The Life Skills programme is central to the life and ethos of The Hall School. Indeed, it could be argued that the whole of the school day is involved in supporting boys in developing not only the skills, but also the knowledge and understanding they will need to manage their lives. Both inside and outside the classroom all members of the school community are working together to raise boys into young men who are prepared and keen to take their places in society.
Formalising the learning of Life Skills into a curriculum taught in lesson time has several aims, including supporting boys to be healthy, to stay safe, to enjoy and achieve, to make a positive contribution and to achieve eventual economic wellbeing (Every Child Matters, 2000). Lessons provide boys with the time and the opportunity to reflect upon their roles and responsibilities, at school and in the wider community; becoming adept and knowledgeable underpins the boys’ confidence to form and express their own opinions, whilst respecting those of others. Through actively contributing to the life of the school and the surrounding community, boys’ sense of belonging, self-worth and responsibility is embedded and enhanced. The Life Skills programme naturally links closely and overlaps with other curriculum subjects, including Science, Religious Studies, Thinking Skills, Current Affairs and Games/PE.
In the Junior School, Life Skills lessons enable boys to develop their self-knowledge and self-esteem as well as learning how to make moral judgements. During Life Skills lessons boys are encouraged to think about the different communities of which they are a member, and how they relate to others in those groups. In Reception, this is started through helping boys to start building their confidence within their new classroom environments, taking turns to speak in front of a group during ‘carpet times’ and learning to co-operate and to work well in a group by listening to one another and taking turns. There is time to reflect upon feelings and to think about ways to overcome fears, being upset or being angry – as well as considering each other’s feelings and how best to resolve a conflict. A central aspect of Life Skills is therefore self-awareness; boys are encouraged to reflect upon their own strengths and weaknesses and to set realistic but challenging goals for themselves, to recognise that persistence is needed when they find learning difficult and that by identifying barriers to their learning, they can achieve their goals as much as learning from their successes. In the early years at The Hall, much of the Life Skills curriculum is introduced through themed assemblies; each week an assembly is prepared and given by a different class from Years 1-3, providing boys with an opportunity to show what has been shared in their lessons A ‘buddy’ system encourages friendships to be made between our Year 1 and Year 3 boys and provides an opportunity for the Year 3 boys to act as role-models for the younger boys.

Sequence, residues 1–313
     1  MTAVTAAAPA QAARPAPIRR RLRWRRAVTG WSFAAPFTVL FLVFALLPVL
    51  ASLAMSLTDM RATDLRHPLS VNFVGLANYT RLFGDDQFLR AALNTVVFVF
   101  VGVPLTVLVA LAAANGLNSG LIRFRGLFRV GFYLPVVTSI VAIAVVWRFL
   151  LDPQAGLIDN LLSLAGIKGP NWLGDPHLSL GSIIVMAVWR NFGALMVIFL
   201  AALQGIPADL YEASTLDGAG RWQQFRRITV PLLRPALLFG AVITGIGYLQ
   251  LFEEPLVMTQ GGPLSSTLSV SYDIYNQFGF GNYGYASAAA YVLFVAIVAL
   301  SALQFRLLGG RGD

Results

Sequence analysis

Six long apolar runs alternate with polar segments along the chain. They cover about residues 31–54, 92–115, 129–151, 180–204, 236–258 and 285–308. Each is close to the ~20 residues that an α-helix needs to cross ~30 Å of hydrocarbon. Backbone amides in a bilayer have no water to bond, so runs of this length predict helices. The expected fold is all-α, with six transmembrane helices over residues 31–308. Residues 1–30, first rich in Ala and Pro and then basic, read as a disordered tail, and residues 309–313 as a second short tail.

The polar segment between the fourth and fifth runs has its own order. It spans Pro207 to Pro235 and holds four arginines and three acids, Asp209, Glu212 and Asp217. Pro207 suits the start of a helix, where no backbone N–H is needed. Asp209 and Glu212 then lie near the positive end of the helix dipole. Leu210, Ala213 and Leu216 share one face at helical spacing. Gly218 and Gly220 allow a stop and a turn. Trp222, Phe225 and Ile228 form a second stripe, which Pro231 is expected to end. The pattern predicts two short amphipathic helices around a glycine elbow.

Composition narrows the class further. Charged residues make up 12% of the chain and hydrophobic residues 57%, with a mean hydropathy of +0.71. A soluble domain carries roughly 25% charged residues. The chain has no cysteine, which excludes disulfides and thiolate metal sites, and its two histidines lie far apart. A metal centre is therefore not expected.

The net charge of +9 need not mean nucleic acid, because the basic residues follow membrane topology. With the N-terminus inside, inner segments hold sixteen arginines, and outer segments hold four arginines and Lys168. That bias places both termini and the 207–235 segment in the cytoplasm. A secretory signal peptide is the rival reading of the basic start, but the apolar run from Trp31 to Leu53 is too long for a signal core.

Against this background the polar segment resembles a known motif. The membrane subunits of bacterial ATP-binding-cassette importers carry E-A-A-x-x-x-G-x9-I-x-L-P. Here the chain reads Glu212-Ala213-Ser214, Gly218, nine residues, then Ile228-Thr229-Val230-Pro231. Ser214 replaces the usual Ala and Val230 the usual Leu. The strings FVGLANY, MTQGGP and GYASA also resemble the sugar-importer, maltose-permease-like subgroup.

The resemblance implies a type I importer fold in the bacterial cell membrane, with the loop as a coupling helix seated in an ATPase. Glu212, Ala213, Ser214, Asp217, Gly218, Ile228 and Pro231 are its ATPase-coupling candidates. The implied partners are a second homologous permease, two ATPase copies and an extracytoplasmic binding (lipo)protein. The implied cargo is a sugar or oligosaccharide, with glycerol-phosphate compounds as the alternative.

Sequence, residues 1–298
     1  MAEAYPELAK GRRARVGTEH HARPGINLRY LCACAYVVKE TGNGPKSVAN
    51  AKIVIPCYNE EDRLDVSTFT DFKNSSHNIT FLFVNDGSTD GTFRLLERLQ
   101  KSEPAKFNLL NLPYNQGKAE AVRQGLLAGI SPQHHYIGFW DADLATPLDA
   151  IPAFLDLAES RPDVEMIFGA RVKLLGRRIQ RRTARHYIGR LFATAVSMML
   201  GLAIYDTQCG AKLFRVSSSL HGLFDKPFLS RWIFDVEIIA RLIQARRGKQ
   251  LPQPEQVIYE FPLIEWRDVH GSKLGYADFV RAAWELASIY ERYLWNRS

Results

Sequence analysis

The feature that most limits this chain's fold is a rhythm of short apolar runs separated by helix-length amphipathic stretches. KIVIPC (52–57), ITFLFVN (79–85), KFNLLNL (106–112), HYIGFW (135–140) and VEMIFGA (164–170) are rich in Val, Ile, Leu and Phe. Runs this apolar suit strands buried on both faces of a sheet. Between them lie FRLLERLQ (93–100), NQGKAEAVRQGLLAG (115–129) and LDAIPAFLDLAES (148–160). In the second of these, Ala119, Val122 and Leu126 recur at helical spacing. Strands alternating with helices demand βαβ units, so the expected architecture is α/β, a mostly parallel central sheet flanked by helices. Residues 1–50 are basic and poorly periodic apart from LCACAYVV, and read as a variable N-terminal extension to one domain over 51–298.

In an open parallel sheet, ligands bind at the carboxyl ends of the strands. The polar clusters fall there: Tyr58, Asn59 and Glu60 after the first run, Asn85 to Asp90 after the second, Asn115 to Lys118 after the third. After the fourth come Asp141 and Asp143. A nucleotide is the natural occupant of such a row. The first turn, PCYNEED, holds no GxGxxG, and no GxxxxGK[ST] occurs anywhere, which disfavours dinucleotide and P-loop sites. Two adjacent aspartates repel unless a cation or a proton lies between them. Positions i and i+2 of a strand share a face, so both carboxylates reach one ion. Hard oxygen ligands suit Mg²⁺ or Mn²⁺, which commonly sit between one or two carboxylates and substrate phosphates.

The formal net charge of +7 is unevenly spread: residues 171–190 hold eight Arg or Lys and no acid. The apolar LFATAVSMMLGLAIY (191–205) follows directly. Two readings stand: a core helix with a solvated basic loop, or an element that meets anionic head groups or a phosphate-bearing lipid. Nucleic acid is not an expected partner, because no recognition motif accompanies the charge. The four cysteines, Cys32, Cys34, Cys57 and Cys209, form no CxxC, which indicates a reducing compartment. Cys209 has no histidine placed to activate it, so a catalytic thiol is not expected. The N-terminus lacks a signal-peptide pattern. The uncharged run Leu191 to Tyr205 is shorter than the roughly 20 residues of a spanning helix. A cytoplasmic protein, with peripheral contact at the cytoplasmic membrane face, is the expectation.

In the Middle and Senior Schools the Life Skills programme is, in the main, delivered by the boy’s Form Tutors in a timetabled session on Friday morning. There is also valuable input from other specialists, both within the school community and from outside it.
In the Middle School boys continue to develop their thinking about themselves as individuals and their interaction with other people. This includes assessing personal strengths and weaknesses and using this analysis to develop individual targets as well as some for the year group as a whole. Through the Life Skills curriculum, the nature and forms of bullying are discussed regularly as boys consider the practical application of concepts such as tolerance, kindness and mediation. The age-old tension between ‘having the right to’ and ‘having the responsibility to’ is frequently discussed, as boys come to recognise the necessity to balance their needs and desires with those of others, to be respectful and to resolve conflict.
In the Senior School the taught Life Skills programme focusses on preparing boys for their life beyond The Hall. All year groups start the academic year by considering the ‘ethos’ of their own Form, which rules and targets will help achieve this ethos, and what each individual member’s input should be to help achieve those targets. Boys are also encouraged to take a realistic look at their own personal expectations for the forthcoming year, considering again their strengths and weaknesses and how these have developed over the past year. Senior School boys are encouraged to consider what it is like to live with other people, including living with disability. They also think about their personal appearance and about family and peer pressure, particularly in relation to smoking, alcohol and drugs.
On a very practical level, boys in the Senior School are given regular instruction in revision organisation and techniques and study skills. Year 8 start to look at the world of work and they are encouraged to think about their changing role as they move on to new schools.